No escape from the geeky scientist phenotype–or is that stereotype?


Professor John Nerdelbaum Frink, Jr., scientist from “The Simpsons.” A familiar stereotype.

For years I’ve been trying to combat the misconception that all scientists are, generally speaking, a geekish bunch who have little or no interest in anything but their own miniscule scientific worlds. Such a perception has been trumpeted in films, the media, and books, and has been challenged to some extent by those of us who try to portray scientists as ordinary people—albeit in extraordinary careers (author’s view!).

For this reason, I became incensed several days ago as I listened to music on “Spotify” during my morning exercise routine. An advertisement for the Exxon oil company popped up. As an aside, do they really need to advertise? For what? So people will pull into their gas stations and purchase their gasoline? Hard to imagine. To drum up public support for Trump’s Secretary of State nominee and former Exxon CEO, Rex Tillerson? Who knows… What really irritated me was the stereotypical depiction of scientists—not brave seekers of truth and explorers of new worlds—but as geeks.

The advertisement starts with the announcer noting that “This is the sound of seven Exxon scientists hard at work.” There is, of course, no sound. The scientists must be focused exclusively on their impossible-to-understand-for-normal-folks work, and patronized as those idiots that none of us would want to be, but necessary fools to keep things moving. The announcer goes on to say “They sure know how to party,” further distancing the listening public from those introverted fools, until one of the scientists utters an irritated “Shhhhh” in the background.

Some might conclude that this is a flattering depiction of brilliant scientists hard at work for the good of–well–for the good of an oil company. I do not. Such depictions neither portray scientists accurately, nor in a positive light. They do not foment empathy with scientists and science, and only serve to further distance the general public from science. It’s time for scientists to take a stand and reject such stereotypes. Otherwise how can we convince the general public of the importance of scientific progress, not to mention the integrity and understanding that science is the frontier of truth–with a characterization of bumbling, doddering introverted fools?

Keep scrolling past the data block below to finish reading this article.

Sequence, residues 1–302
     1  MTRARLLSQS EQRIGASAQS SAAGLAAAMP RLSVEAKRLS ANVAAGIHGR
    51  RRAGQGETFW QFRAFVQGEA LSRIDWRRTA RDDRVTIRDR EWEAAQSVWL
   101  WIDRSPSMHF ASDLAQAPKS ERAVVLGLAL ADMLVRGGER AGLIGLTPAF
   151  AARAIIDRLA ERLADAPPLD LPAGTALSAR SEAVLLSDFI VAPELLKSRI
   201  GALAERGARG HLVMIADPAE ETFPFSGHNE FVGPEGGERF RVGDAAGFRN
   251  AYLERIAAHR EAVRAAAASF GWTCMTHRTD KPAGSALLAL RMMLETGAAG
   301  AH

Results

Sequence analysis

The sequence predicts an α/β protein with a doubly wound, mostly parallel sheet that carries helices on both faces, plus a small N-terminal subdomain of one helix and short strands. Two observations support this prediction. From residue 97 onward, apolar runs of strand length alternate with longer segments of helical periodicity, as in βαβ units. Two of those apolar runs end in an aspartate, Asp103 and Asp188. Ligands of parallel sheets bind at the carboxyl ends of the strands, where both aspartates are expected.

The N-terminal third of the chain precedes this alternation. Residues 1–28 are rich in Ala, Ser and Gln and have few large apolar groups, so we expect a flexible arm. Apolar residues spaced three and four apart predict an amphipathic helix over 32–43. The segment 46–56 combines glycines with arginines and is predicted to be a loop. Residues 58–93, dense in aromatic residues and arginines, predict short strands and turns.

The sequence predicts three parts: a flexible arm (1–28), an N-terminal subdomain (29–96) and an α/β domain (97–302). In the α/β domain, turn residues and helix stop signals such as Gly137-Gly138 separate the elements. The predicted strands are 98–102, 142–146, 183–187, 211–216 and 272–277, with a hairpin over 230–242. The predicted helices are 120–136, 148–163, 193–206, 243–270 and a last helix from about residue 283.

About Steve Caplan

I am a Professor of Biochemistry and Molecular Biology at the University of Nebraska Medical Center in Omaha, Nebraska where I mentor a group of students, postdoctoral fellows and researchers working on endocytic protein trafficking. My first lablit novel, "Matter Over Mind," is about a biomedical researcher seeking tenure and struggling to overcome the consequences of growing up with a parent suffering from bipolar disorder. Lablit novel #2, "Welcome Home, Sir," published by Anaphora Literary Press, deals with a hypochondriac principal investigator whose service in the army and post-traumatic stress disorder actually prepare him well for academic, but not personal success. Novel #3, "A Degree of Betrayal," is an academic murder mystery. "Saving One" is my most recent novel set at the National Institutes of Health. Now IN PRESS: Today's Curiosity is Tomorrow's Cure: The Case for Basic Biomedical Research (CRC PRESS, 2021). All views expressed are my own, of course--after all, I hate advertising.
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